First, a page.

The U.S. Senate on Wednesday voted to begin the final process of debate on the Republican attempt to overhaul the federal tax code. The procedural step, called a motion to proceed, passed the Senate on a party-line vote of 52 to 48.
The Senate will allow 20 hours of debate on the Tax Cuts and Jobs Act before what's called a vote-a-rama. The vote-a-rama, in which senators can introduce as many amendments to the bill as they want, is expected Thursday night.
After the amendment process, which Democrats will attempt to use to slow down the bill, there will be a final vote. The current timeline sets up a final vote sometime on Friday.
News reports say the tweaked Senate tax bill would increase the income tax deduction for pass-through businesses to 20 percent from 17.4 percent. It would not change the headline rate at which those entities' income is taxed.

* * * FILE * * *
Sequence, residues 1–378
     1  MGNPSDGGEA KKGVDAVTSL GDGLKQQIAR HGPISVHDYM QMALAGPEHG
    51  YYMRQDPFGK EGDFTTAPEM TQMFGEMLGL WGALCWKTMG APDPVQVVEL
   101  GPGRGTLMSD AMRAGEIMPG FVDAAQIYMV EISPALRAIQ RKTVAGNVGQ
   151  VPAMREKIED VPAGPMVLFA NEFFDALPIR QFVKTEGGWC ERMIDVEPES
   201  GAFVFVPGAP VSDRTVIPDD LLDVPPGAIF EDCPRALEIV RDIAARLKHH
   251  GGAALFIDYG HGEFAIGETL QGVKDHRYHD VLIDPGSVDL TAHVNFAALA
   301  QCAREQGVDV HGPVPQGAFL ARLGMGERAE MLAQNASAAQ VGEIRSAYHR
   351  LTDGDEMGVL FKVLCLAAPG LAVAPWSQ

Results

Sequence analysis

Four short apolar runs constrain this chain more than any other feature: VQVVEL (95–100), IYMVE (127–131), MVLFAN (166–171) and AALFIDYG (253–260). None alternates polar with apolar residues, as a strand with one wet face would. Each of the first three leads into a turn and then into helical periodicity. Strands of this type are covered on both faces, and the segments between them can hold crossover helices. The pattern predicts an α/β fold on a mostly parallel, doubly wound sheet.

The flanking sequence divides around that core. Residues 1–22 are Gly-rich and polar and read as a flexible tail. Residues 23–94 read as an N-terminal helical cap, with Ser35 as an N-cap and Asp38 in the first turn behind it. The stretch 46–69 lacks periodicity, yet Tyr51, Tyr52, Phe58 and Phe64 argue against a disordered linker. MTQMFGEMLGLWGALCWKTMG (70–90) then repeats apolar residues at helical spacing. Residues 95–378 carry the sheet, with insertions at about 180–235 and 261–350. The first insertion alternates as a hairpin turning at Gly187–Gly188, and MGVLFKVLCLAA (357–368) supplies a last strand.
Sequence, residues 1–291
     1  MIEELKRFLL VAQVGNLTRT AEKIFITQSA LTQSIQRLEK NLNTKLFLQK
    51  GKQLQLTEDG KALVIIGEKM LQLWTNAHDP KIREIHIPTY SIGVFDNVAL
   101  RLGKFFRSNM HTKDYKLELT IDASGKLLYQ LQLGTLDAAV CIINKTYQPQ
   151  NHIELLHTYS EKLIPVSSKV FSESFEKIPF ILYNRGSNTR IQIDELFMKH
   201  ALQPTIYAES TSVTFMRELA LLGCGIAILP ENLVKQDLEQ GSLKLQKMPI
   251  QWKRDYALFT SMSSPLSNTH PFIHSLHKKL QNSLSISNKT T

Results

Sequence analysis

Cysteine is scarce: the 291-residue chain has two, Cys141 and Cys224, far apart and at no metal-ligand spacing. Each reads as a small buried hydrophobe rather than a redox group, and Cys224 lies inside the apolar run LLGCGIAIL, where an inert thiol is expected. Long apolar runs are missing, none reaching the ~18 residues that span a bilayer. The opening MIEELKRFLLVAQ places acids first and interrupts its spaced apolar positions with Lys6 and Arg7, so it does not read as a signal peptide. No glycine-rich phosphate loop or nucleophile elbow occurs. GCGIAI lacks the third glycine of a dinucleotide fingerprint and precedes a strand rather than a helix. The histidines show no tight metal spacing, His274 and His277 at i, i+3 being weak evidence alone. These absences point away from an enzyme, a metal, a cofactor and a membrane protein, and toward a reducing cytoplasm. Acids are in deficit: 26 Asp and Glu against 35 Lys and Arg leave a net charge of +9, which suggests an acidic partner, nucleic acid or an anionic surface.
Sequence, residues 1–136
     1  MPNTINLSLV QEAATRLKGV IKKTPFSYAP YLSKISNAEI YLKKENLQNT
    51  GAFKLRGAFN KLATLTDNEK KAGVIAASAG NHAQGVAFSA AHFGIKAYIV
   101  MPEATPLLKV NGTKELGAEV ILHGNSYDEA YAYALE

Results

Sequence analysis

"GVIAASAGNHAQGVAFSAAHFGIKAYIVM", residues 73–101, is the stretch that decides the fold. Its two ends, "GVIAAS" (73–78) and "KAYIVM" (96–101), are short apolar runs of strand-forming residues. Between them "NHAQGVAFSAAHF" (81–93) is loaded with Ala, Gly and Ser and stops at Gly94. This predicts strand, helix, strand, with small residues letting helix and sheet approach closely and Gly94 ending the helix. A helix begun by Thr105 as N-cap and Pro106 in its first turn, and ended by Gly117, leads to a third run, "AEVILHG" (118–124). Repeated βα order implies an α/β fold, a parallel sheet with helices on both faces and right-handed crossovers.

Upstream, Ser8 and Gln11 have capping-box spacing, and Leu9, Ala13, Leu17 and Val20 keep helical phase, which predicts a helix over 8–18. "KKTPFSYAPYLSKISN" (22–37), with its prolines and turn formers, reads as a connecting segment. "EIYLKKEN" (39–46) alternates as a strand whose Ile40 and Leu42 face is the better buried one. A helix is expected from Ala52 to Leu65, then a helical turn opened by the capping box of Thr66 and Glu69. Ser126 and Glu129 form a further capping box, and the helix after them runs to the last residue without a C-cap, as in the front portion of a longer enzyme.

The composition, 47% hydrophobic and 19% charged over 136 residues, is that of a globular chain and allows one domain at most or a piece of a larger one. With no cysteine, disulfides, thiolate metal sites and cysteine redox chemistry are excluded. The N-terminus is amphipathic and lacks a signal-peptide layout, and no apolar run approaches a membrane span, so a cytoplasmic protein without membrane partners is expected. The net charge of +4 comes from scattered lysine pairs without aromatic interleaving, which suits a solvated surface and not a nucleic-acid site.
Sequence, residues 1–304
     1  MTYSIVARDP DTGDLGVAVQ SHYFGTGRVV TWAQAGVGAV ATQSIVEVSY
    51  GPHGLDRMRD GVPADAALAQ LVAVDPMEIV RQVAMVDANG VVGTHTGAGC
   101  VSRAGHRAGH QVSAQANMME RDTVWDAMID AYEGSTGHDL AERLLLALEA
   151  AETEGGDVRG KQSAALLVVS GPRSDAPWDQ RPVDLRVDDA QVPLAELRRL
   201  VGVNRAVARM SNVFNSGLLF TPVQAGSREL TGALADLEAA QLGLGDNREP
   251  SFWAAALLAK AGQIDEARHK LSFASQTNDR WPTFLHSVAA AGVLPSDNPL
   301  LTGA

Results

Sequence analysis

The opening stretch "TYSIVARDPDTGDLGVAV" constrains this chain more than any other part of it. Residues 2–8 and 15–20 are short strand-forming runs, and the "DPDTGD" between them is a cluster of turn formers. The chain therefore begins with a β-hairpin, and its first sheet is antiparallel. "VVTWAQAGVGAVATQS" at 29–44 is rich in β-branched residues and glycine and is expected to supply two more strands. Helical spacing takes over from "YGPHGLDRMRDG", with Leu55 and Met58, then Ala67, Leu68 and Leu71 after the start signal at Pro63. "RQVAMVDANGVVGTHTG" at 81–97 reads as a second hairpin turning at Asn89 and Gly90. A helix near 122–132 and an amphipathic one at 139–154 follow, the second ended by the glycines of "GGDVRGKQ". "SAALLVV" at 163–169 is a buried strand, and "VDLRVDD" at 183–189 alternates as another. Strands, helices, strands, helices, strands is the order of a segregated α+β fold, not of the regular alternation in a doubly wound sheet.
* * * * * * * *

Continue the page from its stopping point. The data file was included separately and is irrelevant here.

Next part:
The change appears to be designed to earn support from Sens. Ron Johnson, R-Wis., and Steve Daines, R-Mont. Both senators argued that pass-through businesses would not get as much relief as corporations under the Senate plan.
Wednesday the New York Times pulled out all the stops, in its ongoing effort to defeat tax reform. Urging readers to contact their senators and lobby against the Republican tax bill in a series of tweets from its opinion account.
The House version eliminates the estate tax. The Senate version doubles the threshold, making the first $11 million of inheritance free of estate taxes.
“I personally favor that one,” says Iowa Senator Charles Grassley. “Doubling the amount will help most family farmers.” Grassley sits on the Senate Ag Committee and is a senior member of both the Budget and Finance committees. He made his remarks in his weekly Capitol Hill Report.
Furthermore, the plan offers a special credit to farms and small businesses. A portion of business income, 17.4%, would be taxed at a rate lower than the individual income tax rate. “This is essentially a tax credit for taking the capital risk,” Grassley explains.